Sentimentality of the tear jerker, on the other hand create sadness in its tales of heartache and death and the goal for the lyricist is to make the audience shed tears. Lyricists knew that sad songs sold well; Harry von Tilzer knew “A Bird in a Gilded Cage” would be a successful song when he debuted it at a brothel and it made the prostitutes cry,[14] later, it sold 2 million copies.[15]  The sentimentality delivered to an audience by these waltz ballads can be relentless and usually involves a character dying.  In one other Gussie L Davis hit, 1896’s “In The Baggage Coach Ahead” a father and a baby, whose crying annoys fellow passengers, are traveling with their mother’s body in the baggage coach:

When the train rolled onward, a husband sat in tears,

Thinking of the happiness of just a few short years,

For baby’s face brings pictures of a cherished hope that’s dead,

But baby’s cries can’t waken her in the baggage coach ahead.[16]

Death is also a theme in the 1898 Harry von Tilzer song “My Old New Hampshire Home.”  The subject of the song leaves home and his sweetheart, after which she dies and he dreams of the old days where “My heart lies buried with her ‘neath the willow.”[17]  Death is not always a key point to a tear jerker, after a “loving lassie”[18] runs away from home in the 1892 Charles Graham song “The Picture that is Turned Toward the Wall,” her father shuns her by doing what the title says.  The point of the tear jerker is to provoke sad sentimentality with the consumer with great reception from consumers in the number of sheets that sold during the 1890s.

            But the sentimental had had a relatively short span of popularity with sheet music consumers.  By 1899, more people had access to pre-recorded phonograph records and more varieties of music, including the syncopated rhythms of ragtime.  As well, Romanticism of ballad lyrics gave way to more colloquial lyrical style, which is, according to Everett Carte, a “rejection against sentimentality”[19] known as Realism.  Well-known examples of these songs include 1899’s “Hello Ma Baby,” 1902’s “Bill Bailey, Won’t You Please Come Home” and “1905’s “Give My Regards to Broadway.”  None of these songs tell stories or have waltz tempos and the Romantic ballad had fallen out of favour.  While Harry von Tilzer’s 1906 hit “Wait Till the Sun Shines, Nellie” does tell a story of a couple’s ruined plans for an outdoor picnic due to rain,[20] it had a two-step tempo and some syncopation of ragtime.  As well, the 1908 hit “Take Me Out To The Ball Game is in waltz tempo, although is not generally considered a sentimental ballad.  The Realism of ragtime era replaced and rejected the drippy maudlin sentimentality of the waltz ballad and it remained a solidly popular style for two decades.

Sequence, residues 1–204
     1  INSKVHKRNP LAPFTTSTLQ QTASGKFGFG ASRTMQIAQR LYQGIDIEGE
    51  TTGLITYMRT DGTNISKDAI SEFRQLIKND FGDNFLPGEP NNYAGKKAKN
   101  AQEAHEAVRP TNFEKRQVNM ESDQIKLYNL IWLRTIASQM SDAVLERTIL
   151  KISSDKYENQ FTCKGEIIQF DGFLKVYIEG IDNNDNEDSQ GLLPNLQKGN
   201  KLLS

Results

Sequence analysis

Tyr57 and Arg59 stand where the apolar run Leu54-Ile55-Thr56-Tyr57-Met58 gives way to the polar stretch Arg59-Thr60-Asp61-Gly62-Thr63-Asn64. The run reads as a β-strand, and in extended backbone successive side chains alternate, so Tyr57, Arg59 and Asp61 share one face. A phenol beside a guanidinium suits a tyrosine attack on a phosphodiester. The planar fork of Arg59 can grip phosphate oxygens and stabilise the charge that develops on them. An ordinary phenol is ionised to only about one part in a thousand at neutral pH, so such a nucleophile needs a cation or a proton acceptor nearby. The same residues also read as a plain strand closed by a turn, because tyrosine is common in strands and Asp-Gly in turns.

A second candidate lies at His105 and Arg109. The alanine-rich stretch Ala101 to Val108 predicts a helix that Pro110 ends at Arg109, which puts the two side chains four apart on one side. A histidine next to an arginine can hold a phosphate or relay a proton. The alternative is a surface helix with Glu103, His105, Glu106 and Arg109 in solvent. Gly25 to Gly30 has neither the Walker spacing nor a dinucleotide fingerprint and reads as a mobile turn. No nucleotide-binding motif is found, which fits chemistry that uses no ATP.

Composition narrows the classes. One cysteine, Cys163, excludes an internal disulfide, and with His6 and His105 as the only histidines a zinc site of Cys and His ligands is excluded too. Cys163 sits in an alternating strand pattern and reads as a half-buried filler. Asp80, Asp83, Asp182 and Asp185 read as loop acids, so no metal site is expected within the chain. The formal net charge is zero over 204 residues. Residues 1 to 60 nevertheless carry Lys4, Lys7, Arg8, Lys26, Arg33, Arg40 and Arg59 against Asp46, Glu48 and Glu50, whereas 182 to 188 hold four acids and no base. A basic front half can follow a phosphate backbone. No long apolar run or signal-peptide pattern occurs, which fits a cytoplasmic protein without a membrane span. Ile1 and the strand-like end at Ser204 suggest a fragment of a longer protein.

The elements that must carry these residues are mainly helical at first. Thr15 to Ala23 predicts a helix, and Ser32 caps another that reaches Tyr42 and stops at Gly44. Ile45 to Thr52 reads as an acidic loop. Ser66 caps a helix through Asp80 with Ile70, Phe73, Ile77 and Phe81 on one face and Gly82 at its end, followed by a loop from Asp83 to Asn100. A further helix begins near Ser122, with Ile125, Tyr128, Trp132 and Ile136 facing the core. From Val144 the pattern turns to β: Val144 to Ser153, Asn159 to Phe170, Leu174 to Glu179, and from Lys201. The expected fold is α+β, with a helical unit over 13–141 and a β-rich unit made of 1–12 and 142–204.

I argue that as song’s success lies, not with the commonplace waltz rhythms that were popular during the 1890s, but with the sentimental lyrics to them.  Audiences reacted to lyrics at initial promotional performances much more than the music, as evidence from the Harry von Tilzer’s debut of “A Bird in A Gilded Cage.”  Words sold music, as did their soap opera stories of tearjerkers or with the heart warming sentiment provoked by more positive song lyrics.  Whether audiences could relate to the story lines or whether they were for pure entertainment is equally important because they set the trends for the whole decade.  The sentimental ballad, and the words supplied by the lyricist, were, consequently, the most popular sellers of sheet music for the decade.


Brombert, Victor.  “The Happy Prison:  A Recurring Romantic Metaphor.” Contained in  Romanticism:  Vistas, Instances, Continuity.  Edited by David Thorburn and Geoffrey Hartman.  Ithaca, NY:  Cornell University Press.  1973.  62-79.

Cleanth Brooks, “Romantic Poetry and the Tradition.”  Contained in Romanticism:  Points of View.  Edited by Robert F. Gleckner and Gerald E. Ensore.  Englewood Cliffs, NJ:  Prentice-Hall.  1970.  136-148.

Carter, Everett.  “Realism Rejected Sentimental Culture.  Contained in American Realism. Edited by Christopher Smith.  San Diego, CA:  Greenwood Press.  2000.  47-55.

Hischak, Thomas S.  The Tin Pan Alley Encyclopedia.  Westport, CT:  Greenwood Press.  2002.

Knowles, Mark.  The Wicked Waltz and other Scandalous Dances:  Outrage at Couple Dancing in the 19th and Early 20th Centuries.  Jefferson, NC:  McFarland & Company Inc.  2009.

Tindall, George Brown and David Emory Shi.  America:  A Narrative History, Vol 2.  New York:  W.W. Norton.  2010.

Music Cited

Blake, James and Charles Lawlor.  The Sidewalks of New York.  New York:  Pioneer Music Co.  1894.